In the e-mail interview, the pioneer priest said he is especially proud of the four men who took first vows with him because they had “the courage to join this new religious community with an uncertain future.”

They are Brother Gregoire Youbara of Cameroon; Brother Isidore Niyongabo of Burundi; Brother Adam Zawadzki of Indianapolis; and Brother Andrew Sanchez of El Paso, Texas.

Not all the community’s members are deaf. Both Brother Adam, 21, and Brother Andrew, 49, can hear but say they feel called to work with people who are deaf. Brother Andrew has spent most of his professional life working among the deaf community.

Two men — Brother David Gitundu of Nairobi, Kenya and Brother Derrick Elkins of Lafayette, Louisiana, began their novitiate, Aug. 25.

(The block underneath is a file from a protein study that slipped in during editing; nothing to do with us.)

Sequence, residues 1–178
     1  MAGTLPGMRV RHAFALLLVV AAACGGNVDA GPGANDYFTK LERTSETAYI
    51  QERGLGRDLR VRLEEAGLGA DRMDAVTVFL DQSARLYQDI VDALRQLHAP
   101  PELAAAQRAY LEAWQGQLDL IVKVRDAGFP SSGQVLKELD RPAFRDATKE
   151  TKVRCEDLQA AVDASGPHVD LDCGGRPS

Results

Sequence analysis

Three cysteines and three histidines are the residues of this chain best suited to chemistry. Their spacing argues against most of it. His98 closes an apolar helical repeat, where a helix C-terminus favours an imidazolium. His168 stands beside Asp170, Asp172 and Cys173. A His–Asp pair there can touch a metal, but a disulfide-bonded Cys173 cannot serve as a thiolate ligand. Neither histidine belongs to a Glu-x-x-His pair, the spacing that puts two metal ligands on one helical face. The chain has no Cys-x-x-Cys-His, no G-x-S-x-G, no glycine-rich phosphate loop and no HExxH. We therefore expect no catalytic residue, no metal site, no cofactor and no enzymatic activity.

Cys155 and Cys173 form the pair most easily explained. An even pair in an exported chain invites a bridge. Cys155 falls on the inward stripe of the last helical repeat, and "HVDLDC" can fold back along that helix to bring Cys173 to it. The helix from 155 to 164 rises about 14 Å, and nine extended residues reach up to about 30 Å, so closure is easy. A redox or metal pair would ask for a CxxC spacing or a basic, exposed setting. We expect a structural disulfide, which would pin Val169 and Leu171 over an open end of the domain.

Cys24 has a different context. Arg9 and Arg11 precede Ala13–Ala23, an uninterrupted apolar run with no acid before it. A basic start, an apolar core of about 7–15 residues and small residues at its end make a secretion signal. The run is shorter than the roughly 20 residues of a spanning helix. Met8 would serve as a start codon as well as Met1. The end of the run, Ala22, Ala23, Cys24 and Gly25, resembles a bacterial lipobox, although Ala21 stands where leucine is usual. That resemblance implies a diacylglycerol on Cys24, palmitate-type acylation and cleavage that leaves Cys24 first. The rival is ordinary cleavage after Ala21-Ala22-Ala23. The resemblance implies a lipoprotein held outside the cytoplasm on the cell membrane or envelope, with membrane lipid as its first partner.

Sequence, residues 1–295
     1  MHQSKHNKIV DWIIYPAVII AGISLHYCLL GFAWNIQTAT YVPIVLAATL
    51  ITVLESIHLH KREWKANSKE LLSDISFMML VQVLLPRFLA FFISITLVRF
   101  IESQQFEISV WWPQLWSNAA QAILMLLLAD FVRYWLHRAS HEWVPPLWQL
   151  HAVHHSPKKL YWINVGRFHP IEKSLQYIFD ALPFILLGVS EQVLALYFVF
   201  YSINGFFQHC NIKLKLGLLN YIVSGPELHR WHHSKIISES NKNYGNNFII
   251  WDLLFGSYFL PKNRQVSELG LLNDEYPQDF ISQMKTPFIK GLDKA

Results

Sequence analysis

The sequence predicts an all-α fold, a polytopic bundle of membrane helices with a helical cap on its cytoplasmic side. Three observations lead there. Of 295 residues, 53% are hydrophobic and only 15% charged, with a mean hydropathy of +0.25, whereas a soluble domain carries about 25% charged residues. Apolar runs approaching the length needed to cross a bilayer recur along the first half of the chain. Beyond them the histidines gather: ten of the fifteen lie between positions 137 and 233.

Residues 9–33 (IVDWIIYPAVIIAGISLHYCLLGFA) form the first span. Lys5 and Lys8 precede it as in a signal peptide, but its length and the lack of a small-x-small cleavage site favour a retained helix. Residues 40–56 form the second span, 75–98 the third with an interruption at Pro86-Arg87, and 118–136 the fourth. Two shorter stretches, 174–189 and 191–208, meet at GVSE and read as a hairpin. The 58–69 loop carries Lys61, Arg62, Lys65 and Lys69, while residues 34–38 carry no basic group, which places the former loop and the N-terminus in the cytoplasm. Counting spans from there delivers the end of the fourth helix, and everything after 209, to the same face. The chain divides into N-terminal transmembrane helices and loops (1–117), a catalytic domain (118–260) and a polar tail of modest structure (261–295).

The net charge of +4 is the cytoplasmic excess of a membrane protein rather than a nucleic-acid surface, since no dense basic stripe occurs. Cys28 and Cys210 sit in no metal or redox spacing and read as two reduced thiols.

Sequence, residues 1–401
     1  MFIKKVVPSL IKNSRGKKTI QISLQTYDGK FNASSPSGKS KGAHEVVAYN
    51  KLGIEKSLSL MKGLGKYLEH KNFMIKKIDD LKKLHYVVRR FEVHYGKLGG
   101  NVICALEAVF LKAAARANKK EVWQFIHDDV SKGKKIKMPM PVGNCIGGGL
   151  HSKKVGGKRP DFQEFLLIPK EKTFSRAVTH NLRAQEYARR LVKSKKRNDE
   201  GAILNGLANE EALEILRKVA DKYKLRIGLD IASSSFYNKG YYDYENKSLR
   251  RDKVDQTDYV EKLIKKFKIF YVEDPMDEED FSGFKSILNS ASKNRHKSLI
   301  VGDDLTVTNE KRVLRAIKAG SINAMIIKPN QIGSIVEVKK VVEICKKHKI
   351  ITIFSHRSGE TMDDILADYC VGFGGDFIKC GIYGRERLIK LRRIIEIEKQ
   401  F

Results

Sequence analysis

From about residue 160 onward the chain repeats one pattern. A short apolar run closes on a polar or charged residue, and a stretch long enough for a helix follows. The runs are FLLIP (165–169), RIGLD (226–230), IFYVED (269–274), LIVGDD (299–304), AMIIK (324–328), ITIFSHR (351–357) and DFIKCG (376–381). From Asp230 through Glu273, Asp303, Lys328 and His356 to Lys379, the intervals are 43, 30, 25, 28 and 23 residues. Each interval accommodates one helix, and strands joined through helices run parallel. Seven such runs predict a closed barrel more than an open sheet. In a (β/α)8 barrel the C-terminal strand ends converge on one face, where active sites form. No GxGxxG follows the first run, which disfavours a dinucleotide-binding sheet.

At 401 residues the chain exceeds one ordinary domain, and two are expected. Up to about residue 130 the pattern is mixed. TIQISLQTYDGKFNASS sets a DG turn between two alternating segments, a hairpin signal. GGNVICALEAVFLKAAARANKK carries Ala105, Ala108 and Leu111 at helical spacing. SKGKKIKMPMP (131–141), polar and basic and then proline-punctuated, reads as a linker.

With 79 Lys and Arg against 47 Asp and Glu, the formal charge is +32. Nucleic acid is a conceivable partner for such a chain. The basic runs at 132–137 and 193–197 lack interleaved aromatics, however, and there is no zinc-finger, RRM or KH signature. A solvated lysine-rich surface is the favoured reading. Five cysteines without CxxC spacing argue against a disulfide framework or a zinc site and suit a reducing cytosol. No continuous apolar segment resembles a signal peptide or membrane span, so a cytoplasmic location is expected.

Father Coughlin said the trials of starting a new community have caused him “many sleepless nights,” but he believes that it is part of God’s design.

“I am only an instrument of his divine plan,” he said. Paraphrasing Trappist Father Thomas Merton, he added, “I do not know where the road goes or what lies ahead, but I ask for God’s grace to go on.”

Brother Derrick Elkins, a novice with the Dominican Missionaries for the Deaf Apostolate, interprets the prayers of the Mass celebrated by Bishop Allen Vigneron during the community’s first profession of vows, Aug. 27, in the chapel of St. Albert’s Priory.

During their profession of vows, the five men prostrate themselves before the altar.

During their profession of vows, the five men prostrate themselves before the altar.

Father Thomas Coughlin (left), prior general of the new community, listens to Brother Adam Zawadzki make his first profession of vows.

Bishop Vigneron blesses the habit of Brother Brother Isidore Niyongabo

Using American Sign Language, Brother Derrick Elkins leads the newly professed missionaries in a song during the Aug. 27 liturgy.

Father Thomas Coughlin makes his profession of obedience to Bishop Vigneron.